As the city’s Rent Guidelines Board today begins its annual debates on whether and by how much landlords should be allowed to raise rents on stabilized apartments, a group of tenant advocates is pushing legislation to revamp the state’s rent laws, with the support of an unexpected ally.
Mayoral hopeful Alan Hevesi, the city’s comptroller, convened the group a year and a half ago to draft an omnibus tenant protection bill to help unify tenants for the rent regulation debate in Albany in 2003, when the laws are up for renewal.
“It’s a wish list, an aggressive posture that we hope will expand the envelope of what is possible,” said Ben Dulchin of the Fifth Avenue Committee, whose partners in this plan include New York State Tenants and Neighbors, Metropolitan Council on Housing and the City-wide Task Force on Housing Court.
The bill moves to expand the stock of rent-regulated apartments by repealing vacancy decontrol, passed in 1997 to allow landlords to raise rents to market rate once a tenant moves out of a rent-regulated apartment. The legislation also extends rent regs to three- to five-unit buildings that are not owner-occupied (the law now applies to buildings with six or more units) and to Mitchell-Lama and Section 8 housing built after 1973.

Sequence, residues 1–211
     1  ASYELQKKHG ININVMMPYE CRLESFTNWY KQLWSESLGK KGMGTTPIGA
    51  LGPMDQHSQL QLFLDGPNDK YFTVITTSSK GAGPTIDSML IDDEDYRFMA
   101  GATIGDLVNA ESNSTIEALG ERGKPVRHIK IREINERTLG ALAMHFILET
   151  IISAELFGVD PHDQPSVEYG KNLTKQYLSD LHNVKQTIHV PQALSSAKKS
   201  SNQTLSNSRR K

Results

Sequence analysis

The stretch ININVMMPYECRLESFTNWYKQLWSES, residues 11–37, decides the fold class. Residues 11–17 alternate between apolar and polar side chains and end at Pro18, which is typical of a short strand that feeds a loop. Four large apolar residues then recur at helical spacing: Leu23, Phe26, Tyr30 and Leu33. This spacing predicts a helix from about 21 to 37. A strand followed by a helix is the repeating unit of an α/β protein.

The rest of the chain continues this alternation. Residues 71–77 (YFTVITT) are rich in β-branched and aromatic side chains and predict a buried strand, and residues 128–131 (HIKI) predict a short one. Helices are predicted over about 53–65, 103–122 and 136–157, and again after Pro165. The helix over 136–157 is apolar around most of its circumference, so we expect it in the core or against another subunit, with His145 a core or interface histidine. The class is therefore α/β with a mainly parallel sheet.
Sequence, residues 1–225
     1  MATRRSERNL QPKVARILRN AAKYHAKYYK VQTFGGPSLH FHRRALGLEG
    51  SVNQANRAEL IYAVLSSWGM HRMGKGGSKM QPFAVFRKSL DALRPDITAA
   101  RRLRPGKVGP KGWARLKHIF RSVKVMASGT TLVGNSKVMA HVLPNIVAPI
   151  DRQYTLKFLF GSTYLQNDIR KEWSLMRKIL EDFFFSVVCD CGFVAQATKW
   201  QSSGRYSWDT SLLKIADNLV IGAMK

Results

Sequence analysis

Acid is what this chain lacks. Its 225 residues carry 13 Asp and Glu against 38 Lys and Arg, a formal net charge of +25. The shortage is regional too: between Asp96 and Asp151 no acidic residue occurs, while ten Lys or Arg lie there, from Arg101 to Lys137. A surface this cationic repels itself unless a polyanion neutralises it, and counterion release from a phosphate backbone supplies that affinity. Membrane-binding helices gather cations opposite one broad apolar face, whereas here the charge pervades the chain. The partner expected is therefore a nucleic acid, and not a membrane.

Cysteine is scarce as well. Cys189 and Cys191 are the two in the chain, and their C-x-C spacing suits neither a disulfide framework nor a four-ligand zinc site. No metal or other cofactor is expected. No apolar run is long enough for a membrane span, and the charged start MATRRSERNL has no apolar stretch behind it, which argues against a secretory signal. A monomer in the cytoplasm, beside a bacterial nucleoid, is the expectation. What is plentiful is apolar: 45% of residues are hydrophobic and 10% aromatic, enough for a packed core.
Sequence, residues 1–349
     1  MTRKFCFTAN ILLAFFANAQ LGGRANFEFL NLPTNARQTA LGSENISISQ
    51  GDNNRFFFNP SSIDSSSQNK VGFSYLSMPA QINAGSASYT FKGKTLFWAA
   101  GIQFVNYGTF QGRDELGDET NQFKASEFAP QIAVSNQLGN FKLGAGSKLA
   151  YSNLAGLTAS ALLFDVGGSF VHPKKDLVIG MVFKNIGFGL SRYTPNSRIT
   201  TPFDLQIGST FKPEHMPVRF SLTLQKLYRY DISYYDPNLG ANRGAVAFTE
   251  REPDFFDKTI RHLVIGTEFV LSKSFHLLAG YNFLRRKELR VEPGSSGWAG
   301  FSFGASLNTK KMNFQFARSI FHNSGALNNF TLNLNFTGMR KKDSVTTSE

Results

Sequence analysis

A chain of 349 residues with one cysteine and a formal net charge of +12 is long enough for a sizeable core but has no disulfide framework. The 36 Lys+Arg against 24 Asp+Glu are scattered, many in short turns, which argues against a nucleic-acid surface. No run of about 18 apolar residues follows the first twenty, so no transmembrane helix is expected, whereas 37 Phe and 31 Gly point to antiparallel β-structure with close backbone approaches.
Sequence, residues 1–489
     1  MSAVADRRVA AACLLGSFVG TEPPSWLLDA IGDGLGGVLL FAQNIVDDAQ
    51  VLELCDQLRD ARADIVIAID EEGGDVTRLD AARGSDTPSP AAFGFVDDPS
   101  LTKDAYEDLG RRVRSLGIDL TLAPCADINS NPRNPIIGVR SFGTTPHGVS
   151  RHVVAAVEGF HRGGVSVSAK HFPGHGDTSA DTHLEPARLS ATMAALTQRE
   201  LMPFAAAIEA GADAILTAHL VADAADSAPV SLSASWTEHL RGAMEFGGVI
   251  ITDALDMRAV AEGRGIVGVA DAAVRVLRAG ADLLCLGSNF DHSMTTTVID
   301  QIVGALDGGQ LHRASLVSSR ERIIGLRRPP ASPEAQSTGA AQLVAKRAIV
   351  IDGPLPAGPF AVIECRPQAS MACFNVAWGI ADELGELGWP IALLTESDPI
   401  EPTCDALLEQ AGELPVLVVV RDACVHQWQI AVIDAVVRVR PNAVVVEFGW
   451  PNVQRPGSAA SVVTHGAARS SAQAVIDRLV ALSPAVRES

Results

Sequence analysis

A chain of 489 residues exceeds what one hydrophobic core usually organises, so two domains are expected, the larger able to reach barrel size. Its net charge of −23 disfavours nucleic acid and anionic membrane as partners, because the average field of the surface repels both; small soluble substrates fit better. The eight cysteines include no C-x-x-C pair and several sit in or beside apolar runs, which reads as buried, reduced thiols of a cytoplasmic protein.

As for protecting tenants from harassment, the advocates’ bill would require landlords of unregulated buildings to show good cause for making evictions, and building owners with code violations on record would be prohibited from filing eviction proceedings against tenants. Rent increases based on major capital improvements would only be temporary, and tenants would be permitted to look more than four years into their rent history to file an overcharge complaint. Finally, New York City would get home rule over its rent laws with a repeal of the Urstadt Law.
While the group is not optimistic that its wish list will pass both houses in Albany–proposals to make similar changes have tried and failed in the past–its members do hope it will serve as the uniting force for tenant groups that suffered a split during the 1997 fight over rent control.
How much the issue will play out in the mayoral race remains to be seen. While Hevesi did convene this group, and his staff helped draft the bill, the comptroller was the only one of the four Democratic candidates to admit at a mayoral forum last spring that housing did not top his agenda. “They invited us,” said task force director Jodi Horowitz, “but how it fits into politics I don’t know.”